Parts of the Romanian government's cost-cutting plans have been rejected as unconstitutional by the country's highest court. Prime Minister Boc says he is now working on "alternative measures", with the IMF and the EU.
Pensioners may not be hit by the unpopular cutbacks after all
Romanian Prime Minister Emil Boc has suffered another setback as he tries to keep control of the country's growing debts. After the country's Constitutional Court rejected parts of the his proposed austerity package, in a decision which cannot be appealed, the already embattled prime minister said he would go back to the drawing board.
"The government has a series of alternative measures to reduce the public deficit, which are negotiated with our partners from the European Commission, the International Monetary Fund and the World Bank," Boc said in a brief statement.
Romania needs to keep its budget deficit at 6.8 per cent of GDP in order to qualify for a two billion euro ($2.45 billion) tranche of monetary aid from the International Monetary Fund and the European Union. These organizations promised Romania a total of 20 billion euros in aid, provided the country starts to keep its debts down.
"Our objective is to maintain the agreement with the IMF and to respect the deadlines the Fund would set up," Boc said.
The prime minister added that the new measures would be made public at the end of the negotiations.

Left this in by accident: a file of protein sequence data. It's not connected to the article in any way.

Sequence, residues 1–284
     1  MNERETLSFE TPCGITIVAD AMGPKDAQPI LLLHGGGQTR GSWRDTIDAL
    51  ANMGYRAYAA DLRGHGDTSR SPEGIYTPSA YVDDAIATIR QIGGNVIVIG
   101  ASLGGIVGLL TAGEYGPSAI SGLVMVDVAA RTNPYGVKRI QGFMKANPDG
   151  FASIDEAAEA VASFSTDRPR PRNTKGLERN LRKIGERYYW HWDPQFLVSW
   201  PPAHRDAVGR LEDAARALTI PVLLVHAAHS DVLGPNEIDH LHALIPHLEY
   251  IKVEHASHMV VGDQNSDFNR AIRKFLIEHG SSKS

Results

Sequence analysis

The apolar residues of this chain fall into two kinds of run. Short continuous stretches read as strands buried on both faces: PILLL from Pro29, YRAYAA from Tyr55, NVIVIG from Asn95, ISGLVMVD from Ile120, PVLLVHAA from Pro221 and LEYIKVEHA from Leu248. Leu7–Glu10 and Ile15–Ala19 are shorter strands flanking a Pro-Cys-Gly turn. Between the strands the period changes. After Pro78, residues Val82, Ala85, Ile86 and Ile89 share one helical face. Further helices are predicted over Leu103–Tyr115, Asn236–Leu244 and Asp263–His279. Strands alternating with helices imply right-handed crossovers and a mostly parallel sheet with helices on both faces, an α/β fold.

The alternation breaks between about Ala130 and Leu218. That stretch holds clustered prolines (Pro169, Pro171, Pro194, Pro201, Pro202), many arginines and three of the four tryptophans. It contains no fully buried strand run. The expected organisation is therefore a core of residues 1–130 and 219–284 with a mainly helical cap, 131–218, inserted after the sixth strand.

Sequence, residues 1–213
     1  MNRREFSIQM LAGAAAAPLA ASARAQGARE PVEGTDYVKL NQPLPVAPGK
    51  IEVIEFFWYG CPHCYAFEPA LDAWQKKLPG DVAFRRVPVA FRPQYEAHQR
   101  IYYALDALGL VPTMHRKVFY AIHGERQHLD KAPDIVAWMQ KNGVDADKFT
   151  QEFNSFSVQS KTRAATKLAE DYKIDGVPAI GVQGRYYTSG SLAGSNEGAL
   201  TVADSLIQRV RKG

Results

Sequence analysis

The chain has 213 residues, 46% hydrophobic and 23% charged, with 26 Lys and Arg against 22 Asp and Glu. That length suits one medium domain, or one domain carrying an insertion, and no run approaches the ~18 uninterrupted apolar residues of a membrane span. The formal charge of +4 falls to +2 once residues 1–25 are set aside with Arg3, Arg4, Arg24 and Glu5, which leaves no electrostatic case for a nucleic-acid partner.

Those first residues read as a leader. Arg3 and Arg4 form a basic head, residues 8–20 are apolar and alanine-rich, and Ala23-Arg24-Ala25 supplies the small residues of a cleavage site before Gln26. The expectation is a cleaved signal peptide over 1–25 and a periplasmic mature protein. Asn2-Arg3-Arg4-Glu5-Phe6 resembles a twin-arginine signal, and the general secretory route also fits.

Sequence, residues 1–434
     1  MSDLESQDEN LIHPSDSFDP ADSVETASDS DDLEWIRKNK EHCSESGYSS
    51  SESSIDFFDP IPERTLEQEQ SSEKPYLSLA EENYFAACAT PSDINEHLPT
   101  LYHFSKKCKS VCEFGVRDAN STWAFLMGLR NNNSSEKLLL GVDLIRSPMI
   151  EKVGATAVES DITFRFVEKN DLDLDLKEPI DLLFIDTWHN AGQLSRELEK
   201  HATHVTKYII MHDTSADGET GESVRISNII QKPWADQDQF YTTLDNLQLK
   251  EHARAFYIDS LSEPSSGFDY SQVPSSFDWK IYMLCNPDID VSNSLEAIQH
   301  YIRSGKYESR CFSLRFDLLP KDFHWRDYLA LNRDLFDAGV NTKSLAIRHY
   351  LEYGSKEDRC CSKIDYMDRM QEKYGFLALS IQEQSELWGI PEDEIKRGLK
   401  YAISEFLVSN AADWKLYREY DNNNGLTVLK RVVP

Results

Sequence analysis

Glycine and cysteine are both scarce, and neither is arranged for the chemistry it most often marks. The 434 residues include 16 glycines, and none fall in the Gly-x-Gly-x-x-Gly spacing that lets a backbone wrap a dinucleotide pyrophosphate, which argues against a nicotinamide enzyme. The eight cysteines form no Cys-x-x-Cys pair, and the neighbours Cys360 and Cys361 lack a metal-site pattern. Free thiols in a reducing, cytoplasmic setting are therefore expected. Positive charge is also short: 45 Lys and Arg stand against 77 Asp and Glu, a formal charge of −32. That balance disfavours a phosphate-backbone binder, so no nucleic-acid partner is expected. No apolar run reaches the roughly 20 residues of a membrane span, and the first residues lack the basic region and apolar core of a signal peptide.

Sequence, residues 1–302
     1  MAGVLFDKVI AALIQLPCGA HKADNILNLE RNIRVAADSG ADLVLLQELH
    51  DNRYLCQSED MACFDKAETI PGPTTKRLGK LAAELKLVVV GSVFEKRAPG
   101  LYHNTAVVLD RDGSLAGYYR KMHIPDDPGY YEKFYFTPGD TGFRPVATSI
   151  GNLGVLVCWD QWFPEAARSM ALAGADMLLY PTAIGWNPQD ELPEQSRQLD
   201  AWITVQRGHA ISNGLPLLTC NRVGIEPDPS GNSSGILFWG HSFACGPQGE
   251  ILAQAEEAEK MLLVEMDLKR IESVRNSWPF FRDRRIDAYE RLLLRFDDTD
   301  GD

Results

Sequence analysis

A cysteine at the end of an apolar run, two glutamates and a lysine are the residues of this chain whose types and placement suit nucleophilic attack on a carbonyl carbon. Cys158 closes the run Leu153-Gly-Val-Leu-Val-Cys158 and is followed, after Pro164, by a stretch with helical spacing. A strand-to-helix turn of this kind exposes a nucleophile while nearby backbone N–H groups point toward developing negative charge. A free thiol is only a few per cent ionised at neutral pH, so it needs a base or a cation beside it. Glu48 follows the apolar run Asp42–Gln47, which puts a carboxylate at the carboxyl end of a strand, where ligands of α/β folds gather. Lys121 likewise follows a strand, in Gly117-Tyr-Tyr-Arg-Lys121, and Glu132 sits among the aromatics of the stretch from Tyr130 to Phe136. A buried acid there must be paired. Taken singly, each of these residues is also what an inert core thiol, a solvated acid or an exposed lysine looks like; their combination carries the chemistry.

Cuts not constitutional
In order to meet the international targets, Boc's government had introduced unpopular plans to cut public sector wages by 25 per cent, and to reduce pension payments by 15 per cent.
Romania's Constitutional Court has ruled that both of these cutbacks cannot be reconciled with the country's constitution.
"There were five challenges brought to the bills," judge Ascinte Gaspar told the news agency Reuters by phone. "We accepted two."
The court said it will release the full reasoning behind its decision by Monday evening.
One possible alternative to these cutbacks would be to raise the country's sales and income taxes instead, an idea that deputy Prime Minister Bela Marko described as one possible solution to recoup the missing funds.
Prime Minister Emil Boc's fragile government only narrowly survived a no-confidence vote over the cutbacks earlier this month, with the cuts unpopular amongst the public as well.
Romania's public sector employs roughly one third of total employees, and some economists say it costs the country twice as much as it should.
Author: Mark Hallam (AFP/AP/Reuters)
Editor: Andreas Illmer